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Tuesday, November 5, 2013

What's the Cost of Entrance to the Met?

Free?  Suggested donation of $25?  Free on some days?  There are two lawsuits currently seeking to clarify.  According to the NYT:

MetUnder a clause in its original 1876 lease for the space, and according to an 1893 state law, the suits contend, the museum is required to allow visitors to be admitted free on most days of the week.       

“This is a case about democracy in New York,” said Andrew G. Celli Jr., a lawyer for the plaintiffs. “We had a partnership between the government and the arts communities, and it is clear that the bargain has broken down.”       

Many visitors make a different sort of bargain when they visit the museum, an internal one involving rapid and conflicting questions of guilt, moral obligation, personal financial prudence and not wanting to look cheap.       

Meanwhile, the Met said that free admission went the way of free love back in 1970, when a new deal struck between the city and the museum effectively superseded all the old arrangements. Though controversy raged around the introduction of the new “Pay What You Wish” policy back then, those were simpler times, with simpler sums: many visitors paid less than 25 cents to receive the famous Met buttons (which were briefly tickets and are now stickers).       

“The agreement with the city specifies that there has to be some minimal contribution,” said Harold Holzer, the Met’s senior vice president for public affairs. “There are people who express their own interpretation of the policy by paying very little. But something is required.”       

There is no question that except for the most alert visitor, a murkiness surrounds the matter of how to gain entry to the museum correctly. First, there are the signs that set out admissions prices in bold type — $25 for adults; $17 for those over 65 — and also contain the smaller, unbolded word “recommended.” Then there are the printed materials noting that a perk of annual membership (cost: $60 and up) is free admission, the implication being that members get huge savings — which, in fact, they do not, since technically they are not required to pay very much to begin with.       

There are Internet deals, including a recent offer from Groupon, that offer discounted tickets but fail to point out that visitors already have the right to unilaterally discount their own tickets.       

“I know lifetime New Yorkers who don’t quite know what it all means,” Mr. Celli said. “And it’s much harder if you’re not a New Yorker.”       

In its defense, the Met points out that it charges nothing for special exhibitions and that even $25 does not cover the cost of a museum visit.       

If the Met loses in court, it stands to forfeit some $40 million in annual revenue, or about 16 percent of its $250 million operating budget. An adverse decision could also affect other museums in the city, like the American Museum of Natural History, which has a similar suggested admissions policy.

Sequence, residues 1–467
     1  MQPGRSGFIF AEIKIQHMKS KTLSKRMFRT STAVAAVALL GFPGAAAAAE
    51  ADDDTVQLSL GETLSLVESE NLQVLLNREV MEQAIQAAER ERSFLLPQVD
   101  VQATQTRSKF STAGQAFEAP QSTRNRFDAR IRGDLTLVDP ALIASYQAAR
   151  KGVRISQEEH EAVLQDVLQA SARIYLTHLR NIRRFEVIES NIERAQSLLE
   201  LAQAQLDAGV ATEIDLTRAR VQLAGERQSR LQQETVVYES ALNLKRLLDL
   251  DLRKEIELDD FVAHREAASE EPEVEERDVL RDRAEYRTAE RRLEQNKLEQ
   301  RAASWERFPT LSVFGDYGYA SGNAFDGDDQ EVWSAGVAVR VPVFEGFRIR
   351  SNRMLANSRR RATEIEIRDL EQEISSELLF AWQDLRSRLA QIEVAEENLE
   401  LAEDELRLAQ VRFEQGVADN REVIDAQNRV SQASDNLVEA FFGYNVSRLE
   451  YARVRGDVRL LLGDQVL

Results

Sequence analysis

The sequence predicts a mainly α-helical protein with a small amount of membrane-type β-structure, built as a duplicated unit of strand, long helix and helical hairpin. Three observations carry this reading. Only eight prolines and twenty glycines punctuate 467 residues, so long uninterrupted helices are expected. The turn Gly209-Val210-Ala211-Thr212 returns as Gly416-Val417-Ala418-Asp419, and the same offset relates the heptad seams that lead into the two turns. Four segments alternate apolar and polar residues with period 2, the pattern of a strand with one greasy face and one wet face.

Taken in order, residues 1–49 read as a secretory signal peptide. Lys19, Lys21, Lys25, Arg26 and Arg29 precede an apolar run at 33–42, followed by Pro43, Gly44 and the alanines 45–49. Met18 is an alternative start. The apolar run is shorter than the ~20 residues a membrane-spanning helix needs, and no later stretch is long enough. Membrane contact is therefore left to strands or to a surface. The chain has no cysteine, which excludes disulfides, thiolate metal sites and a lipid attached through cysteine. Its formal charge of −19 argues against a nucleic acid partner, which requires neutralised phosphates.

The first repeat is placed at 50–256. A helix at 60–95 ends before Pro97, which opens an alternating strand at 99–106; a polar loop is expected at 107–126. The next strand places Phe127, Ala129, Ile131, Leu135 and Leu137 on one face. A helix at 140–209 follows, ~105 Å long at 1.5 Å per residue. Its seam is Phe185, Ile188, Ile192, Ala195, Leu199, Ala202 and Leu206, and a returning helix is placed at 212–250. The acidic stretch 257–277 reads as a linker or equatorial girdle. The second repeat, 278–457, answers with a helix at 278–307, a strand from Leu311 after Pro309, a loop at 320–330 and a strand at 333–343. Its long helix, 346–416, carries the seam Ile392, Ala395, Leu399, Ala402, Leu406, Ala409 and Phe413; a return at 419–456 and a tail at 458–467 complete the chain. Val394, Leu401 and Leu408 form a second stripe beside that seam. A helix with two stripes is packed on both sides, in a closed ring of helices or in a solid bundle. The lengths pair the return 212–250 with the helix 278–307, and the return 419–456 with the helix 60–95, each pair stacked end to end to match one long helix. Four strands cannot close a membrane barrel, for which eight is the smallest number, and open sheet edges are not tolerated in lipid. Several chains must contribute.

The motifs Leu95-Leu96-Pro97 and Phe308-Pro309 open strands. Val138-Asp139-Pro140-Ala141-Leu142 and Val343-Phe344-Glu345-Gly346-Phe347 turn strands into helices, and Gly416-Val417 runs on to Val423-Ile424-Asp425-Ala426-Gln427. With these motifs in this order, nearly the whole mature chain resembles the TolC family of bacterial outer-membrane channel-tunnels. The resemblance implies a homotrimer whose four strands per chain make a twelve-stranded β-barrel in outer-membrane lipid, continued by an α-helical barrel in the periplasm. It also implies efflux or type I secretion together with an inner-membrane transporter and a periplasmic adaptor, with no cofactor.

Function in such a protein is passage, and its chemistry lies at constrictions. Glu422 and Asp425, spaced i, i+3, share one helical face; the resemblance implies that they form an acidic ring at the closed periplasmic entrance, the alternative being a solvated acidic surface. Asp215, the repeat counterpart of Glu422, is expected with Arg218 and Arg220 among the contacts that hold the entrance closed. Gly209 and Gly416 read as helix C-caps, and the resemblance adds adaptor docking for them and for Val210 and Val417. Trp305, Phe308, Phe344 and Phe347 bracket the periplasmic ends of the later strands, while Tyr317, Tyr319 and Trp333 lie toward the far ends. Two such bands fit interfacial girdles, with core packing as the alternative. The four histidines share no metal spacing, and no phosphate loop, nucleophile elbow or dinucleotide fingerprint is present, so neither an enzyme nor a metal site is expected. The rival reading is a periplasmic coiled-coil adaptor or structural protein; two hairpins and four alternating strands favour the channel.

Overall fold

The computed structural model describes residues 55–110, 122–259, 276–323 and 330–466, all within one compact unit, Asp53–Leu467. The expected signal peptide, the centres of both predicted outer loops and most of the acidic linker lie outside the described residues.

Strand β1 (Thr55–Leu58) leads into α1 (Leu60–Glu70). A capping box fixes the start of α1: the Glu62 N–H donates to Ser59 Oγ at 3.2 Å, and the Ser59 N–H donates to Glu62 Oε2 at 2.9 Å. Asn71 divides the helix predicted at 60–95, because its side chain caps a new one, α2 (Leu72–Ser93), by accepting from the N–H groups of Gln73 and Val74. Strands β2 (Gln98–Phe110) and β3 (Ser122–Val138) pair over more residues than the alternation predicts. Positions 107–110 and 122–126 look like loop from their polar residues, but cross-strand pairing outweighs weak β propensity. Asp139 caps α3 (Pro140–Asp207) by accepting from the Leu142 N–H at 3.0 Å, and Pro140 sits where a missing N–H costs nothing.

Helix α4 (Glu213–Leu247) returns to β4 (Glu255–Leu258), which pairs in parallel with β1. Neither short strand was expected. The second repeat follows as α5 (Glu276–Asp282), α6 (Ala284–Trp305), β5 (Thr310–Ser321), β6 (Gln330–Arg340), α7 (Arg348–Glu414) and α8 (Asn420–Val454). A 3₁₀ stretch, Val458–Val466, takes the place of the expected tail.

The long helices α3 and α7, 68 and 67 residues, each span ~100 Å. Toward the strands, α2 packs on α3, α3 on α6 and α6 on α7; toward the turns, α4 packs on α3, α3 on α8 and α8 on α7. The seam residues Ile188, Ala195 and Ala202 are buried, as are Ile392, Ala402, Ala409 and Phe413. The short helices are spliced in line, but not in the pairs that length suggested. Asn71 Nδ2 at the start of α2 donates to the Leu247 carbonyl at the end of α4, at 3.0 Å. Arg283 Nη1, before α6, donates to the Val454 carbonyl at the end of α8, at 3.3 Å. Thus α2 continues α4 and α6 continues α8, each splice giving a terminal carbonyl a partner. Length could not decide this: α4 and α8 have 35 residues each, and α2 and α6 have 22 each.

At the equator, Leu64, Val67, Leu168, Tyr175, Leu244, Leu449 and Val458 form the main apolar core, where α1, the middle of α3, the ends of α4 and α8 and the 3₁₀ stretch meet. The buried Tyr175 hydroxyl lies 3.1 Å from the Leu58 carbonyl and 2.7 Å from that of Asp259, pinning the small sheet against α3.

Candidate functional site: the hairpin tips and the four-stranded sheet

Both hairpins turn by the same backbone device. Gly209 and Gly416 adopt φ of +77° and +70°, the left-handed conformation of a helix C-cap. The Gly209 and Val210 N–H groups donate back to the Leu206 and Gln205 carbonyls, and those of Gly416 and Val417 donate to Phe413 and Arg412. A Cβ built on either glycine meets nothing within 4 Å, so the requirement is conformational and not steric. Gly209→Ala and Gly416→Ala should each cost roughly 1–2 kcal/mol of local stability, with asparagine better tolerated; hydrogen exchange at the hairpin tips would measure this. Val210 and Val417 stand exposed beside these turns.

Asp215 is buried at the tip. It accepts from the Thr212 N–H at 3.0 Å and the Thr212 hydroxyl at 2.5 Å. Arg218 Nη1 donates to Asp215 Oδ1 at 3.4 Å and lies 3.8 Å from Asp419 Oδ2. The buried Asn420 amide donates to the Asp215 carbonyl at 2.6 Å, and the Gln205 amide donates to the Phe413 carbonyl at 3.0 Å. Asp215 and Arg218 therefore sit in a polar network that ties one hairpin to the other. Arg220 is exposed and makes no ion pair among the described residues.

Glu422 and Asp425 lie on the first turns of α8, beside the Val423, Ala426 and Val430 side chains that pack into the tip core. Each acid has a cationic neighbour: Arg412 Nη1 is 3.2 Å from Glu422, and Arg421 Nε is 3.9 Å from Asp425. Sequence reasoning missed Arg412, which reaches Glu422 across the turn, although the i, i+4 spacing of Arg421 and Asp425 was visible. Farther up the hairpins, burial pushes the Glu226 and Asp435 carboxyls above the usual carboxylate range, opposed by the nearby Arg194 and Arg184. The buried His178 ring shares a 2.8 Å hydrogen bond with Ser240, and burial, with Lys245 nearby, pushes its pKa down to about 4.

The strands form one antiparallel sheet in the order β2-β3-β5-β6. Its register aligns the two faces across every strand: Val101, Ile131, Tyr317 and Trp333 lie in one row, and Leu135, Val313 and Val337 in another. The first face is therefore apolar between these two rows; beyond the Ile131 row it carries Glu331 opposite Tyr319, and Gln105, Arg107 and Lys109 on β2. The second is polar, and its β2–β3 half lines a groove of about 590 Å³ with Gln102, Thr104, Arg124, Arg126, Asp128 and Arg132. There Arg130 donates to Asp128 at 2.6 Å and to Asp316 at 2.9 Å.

To understand the plaintiffs’ arguments, it is necessary to go back to the 1870s, when the state authorized the Parks Department to set aside land for a grand new art museum of which the city could be proud. Whether the museum should charge admission was one of the most hotly contested issues surrounding its inception. In the end, its lease with the city specified that on four days a week it “be kept open and accessible to the public free of charge.” In 1893, the state legislature enacted a law changing that to five days and two nights a week. That left the museum able to charge for admission on non-free days.       

And that was where the matter stood, more or less, until the early 1970s, when the museum was running at a deficit, and its director, Thomas Hoving, asked the city for permission to charge general admission daily. The City Council balked. “A penny today may be a dollar tomorrow,” warned Councilman Carter Burden, according to court papers.       

But a deal was hatched between Hoving and August Heckscher, the redoubtable New York City Parks Commissioner and Administrator of Recreation and Cultural Affairs. Heckscher said he would allow the museum to charge a fee as long as its amount was “left entirely to the individual’s discretion.”

Heckscher promised to direct the city’s Corporation Counsel office to amend the museum’s lease, but it never did. (The museum says no amendment was needed because, as the museum’s landlord, the city can set whatever rules it wants.)       

According to the two lawsuits — one that says the museum deceives its visitors and is guilty of fraud, and the other a class-action suit seeking recompense for people who claim that they were duped by the policy — the Heckscher-Hoving agreement violates the lease and the law. The plaintiffs in the suits comprise five museumgoers, including a persistent critic of, and past litigant against, the museum on other matters, and two Czech citizens who responded to an Internet appeal for people who said they had been misled into paying the full suggested admissions price.

More here.

[Meredith R. Miller]

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Comments

The contract claim seems dubious, at least as it's described in the Times. Parties generally can vary the terms of a lease by subsequent oral or written agreement, which need not be in the form of a formal "lease amendment." I wonder if the plaintiffs have some other contract-related theory that didn't make it into the story.

Posted by: Frank Snyder | Nov 9, 2013 12:25:06 PM

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